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Tasmanian tumours blamed on inbreeding

Devils face visit from the Darwinator

The smart choice: opportunity from uncertainty

The devil is the largest surviving marsupial predator on the island and has hitherto kept the populations of other predators in check. Its decline has allowed the non-native red fox - a serious pest - to gain a foothold in only six years, and the feral cat's chances of establishing itself are also increasing (although enterprising and unsqueamish souls have found a possible culinary solution to that one). Matters haven't been helped by the fact that the 10-year-old problem was not taken seriously until 2003, when state government funds were finally allocated for research.

Researcher Dr Katharine Belov of Sydney University also fears for the future of the koala and the platypus, as both distinctively Aussie beasts are splashing in similarly shallow gene pools.

"Loss of genetic diversity in these genes just opens the door for emergence and rapid spread of new and old disease," she explains.

The fragilities of Australia's unique biodiversity have long been apparent - 20 native species have become extinct in the last 200 years, including the former largest carnivorous Tasmanian marsupial, the thylacine.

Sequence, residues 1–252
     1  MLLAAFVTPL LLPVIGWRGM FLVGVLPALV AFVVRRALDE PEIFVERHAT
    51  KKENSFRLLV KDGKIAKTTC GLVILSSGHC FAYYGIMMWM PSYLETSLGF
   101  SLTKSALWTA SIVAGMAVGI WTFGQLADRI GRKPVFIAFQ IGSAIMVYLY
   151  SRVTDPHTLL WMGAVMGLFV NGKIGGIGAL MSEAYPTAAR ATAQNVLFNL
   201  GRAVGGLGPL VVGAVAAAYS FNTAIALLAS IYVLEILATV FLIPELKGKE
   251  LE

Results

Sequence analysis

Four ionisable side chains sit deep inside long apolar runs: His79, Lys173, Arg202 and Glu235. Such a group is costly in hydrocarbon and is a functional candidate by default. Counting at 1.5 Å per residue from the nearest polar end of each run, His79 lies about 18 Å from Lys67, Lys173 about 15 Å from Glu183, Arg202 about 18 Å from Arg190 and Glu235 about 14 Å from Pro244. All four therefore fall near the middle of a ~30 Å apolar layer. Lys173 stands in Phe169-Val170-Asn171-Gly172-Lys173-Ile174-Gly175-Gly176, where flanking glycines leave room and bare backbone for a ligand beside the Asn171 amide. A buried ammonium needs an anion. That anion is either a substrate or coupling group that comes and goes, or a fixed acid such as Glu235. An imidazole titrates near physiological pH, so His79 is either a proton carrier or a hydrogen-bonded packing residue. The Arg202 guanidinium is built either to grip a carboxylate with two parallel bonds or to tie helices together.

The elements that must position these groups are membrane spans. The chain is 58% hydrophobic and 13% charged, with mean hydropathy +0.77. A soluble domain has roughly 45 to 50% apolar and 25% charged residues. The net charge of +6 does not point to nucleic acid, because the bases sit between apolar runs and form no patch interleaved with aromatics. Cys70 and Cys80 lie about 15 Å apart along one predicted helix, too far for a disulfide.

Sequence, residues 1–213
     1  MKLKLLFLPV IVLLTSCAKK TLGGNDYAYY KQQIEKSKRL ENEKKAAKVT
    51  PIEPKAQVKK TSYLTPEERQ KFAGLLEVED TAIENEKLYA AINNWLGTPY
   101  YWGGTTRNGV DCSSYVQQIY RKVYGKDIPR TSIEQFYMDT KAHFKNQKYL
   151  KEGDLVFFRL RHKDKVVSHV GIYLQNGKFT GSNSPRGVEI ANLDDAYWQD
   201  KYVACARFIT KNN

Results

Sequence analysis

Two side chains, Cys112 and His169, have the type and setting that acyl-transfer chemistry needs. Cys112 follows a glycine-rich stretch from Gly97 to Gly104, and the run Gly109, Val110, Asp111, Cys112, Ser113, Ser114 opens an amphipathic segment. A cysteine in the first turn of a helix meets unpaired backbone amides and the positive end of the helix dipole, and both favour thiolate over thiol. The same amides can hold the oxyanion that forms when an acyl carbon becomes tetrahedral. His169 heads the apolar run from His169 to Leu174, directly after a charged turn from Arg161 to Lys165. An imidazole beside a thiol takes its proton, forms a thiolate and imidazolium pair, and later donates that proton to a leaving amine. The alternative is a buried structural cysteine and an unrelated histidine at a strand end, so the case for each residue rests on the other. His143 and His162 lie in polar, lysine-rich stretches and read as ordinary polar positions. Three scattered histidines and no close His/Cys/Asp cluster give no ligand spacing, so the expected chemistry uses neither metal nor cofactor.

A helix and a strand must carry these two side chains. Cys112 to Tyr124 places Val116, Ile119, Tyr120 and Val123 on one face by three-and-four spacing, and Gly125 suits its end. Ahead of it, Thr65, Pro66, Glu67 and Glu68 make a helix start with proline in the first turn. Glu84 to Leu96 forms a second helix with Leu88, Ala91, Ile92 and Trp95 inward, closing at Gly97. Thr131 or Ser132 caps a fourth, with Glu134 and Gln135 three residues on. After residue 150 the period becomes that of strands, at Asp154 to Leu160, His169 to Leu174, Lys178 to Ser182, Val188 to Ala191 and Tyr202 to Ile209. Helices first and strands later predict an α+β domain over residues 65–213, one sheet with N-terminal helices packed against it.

Devil expert Hamish McCallum of the University of Tasmania called the research findings "significant, but depressing... it suggests it will be very difficult for the animals to evolve resistance to [DFTD], unless we find individuals with more diversity, which is unlikely".

At least Warner Bros, without whose character the Tasmanian devil would be as obscure as the spotted-tailed quoll, has finally come around to the idea of supporting the cause after years of dispute with the Tasmanian government.

The animation giant agreed last year to help the stricken beasts off whose fluffy backs it's made millions of dollars by ponying up the proceeds from a special edition stuffed Taz toy. ®

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